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ContinuousWave: Small Boat Electrical
Moving the battery to the console of a 1991 17' Outrage
|Author||Topic: Moving the battery to the console of a 1991 17' Outrage|
posted 03-11-2010 01:29 PM ET (US)
I was looking at my calander for April and noticed that I was going to have some free time to spend working on my boat. One thing I've been meaning to do is move the battery from starboard box up to the console. Is there anything I need to be careful of during this project? Will the floor be strong enough to support the weight of the battery? Should I reinforce the floor with some starboard or plywood?
Thanks for the info.
posted 03-11-2010 02:32 PM ET (US)
If yours is anything like my slightly older Outrage, the console has its own floor several inches above the deck. This floor is not strong enough to carry the weight of batteries. Cut holes in the console floor so that the battery boxes rest directly on the deck or on Dri-Deck or something similar that is placed on the deck to allow for drainage.
posted 03-11-2010 06:52 PM ET (US)
This project is on my to do list as you know.
You have 2 choices, support the floor underneath or cut it and have the battery sit on the deck.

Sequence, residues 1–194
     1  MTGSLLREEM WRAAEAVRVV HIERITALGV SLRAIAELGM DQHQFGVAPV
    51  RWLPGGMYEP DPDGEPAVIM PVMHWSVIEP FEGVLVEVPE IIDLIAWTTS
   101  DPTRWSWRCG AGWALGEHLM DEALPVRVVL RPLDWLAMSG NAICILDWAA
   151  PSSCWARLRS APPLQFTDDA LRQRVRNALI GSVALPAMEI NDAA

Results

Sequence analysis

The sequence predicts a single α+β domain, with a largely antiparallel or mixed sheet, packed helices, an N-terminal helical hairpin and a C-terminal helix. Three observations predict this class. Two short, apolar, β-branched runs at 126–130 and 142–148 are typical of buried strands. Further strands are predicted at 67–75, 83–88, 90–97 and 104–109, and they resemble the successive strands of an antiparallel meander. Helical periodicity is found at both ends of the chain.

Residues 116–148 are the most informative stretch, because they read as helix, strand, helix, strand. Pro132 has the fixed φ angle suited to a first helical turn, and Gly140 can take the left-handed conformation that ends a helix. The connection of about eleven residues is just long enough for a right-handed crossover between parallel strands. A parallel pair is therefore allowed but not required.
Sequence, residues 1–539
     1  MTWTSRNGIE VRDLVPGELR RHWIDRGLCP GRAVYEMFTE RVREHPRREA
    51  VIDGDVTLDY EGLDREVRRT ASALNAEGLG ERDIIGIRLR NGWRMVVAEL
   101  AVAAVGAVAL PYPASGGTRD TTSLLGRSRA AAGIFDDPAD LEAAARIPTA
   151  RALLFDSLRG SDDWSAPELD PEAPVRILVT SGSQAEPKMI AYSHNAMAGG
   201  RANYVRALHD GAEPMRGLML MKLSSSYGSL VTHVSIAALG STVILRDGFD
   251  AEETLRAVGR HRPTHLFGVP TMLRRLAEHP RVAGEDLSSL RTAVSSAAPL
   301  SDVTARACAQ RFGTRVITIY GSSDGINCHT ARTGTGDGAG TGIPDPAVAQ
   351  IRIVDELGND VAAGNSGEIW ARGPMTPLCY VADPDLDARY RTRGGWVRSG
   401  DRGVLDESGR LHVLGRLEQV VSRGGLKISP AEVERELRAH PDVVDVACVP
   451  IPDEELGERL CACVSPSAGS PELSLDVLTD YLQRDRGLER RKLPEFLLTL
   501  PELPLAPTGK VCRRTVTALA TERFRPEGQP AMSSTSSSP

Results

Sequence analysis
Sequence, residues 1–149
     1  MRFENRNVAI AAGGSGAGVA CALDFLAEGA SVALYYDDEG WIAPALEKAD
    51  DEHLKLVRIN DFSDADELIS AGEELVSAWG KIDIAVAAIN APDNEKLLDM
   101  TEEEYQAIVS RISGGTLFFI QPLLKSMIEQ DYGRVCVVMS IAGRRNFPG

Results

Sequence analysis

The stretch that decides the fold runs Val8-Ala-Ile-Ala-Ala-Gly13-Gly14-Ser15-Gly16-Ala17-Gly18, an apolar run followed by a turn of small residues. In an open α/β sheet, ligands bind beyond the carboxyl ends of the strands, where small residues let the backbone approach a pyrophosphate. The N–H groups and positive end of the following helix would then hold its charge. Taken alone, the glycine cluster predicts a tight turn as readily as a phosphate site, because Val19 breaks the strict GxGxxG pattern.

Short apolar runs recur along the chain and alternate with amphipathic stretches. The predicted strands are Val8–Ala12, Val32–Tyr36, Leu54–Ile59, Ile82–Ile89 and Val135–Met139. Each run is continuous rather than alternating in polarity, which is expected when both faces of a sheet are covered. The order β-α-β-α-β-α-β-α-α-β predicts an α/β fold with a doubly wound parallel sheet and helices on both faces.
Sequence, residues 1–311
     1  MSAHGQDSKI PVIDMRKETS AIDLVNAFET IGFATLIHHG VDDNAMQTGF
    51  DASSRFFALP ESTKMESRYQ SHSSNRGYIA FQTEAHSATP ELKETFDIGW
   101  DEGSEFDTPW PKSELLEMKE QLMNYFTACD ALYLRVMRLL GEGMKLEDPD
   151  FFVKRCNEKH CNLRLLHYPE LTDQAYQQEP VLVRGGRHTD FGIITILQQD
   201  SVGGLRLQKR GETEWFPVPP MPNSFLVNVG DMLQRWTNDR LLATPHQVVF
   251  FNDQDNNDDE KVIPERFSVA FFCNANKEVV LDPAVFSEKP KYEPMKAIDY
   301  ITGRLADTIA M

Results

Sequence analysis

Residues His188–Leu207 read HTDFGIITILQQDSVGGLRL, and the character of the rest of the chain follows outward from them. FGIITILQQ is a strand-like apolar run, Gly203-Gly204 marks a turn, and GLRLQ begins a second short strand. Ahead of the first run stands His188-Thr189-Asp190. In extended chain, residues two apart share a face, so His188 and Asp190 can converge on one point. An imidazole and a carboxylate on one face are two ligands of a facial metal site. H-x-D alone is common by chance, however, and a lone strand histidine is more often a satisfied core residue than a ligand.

I plan to cut my console floor since I don't want to loose any space and want the weight on the deck.
I need to clean out the dead wiring that the re-power guys left in the tunnel and replace hoses so I will be removing the console and lifting the deck.
I plan panel mount a BEP battery switch to the electronics box floor for easy access.
I will be using 4 AWG tinned battery wire.
Work scheduled to start next week.
posted 03-11-2010 08:06 PM ET (US)
I have a 17' Outrage and recently put 2 batteries inside the console. They are 825 Cranking Amperes but I'm not certain of the group size. The battery case is the larger of the two that are sold at WalMart and most boating stores.
The two batteries fit perfectly and leave enough room for an accessory box as shown in the picture.
I'd recommend making a cardboard template with very accurate measurements - you need every inch you can get. Remember: 1) The bottom of the battery box has a draft i.e., it's slightly wider at the top than the bottom. 2) there may be a flange on the shield around the cables coming up through the floor - make allowance for it. 3) the space taken by any protursions in the front & sides of the console such as for the fire extinguisher or "glove box" must be considered. 4) the TOP lid of the battery case IS LARGER than the bottom where the battery sits. Allow room for the protrusions.
Make your cutout for the bottom of the box so it fits snuggly. Doing this wil easily allow you to grab the battery handle and slide it up and out. It's much easier to get the battery in and out of the box than I expected.
When I wired the 2 batteries to a battery switch I just cut a notch in the lid of the battery box for the negative cable that goes from one battery to another. Remember to put your batteries in so the negative posts of both batteries are toward the bow to facilitate wiring.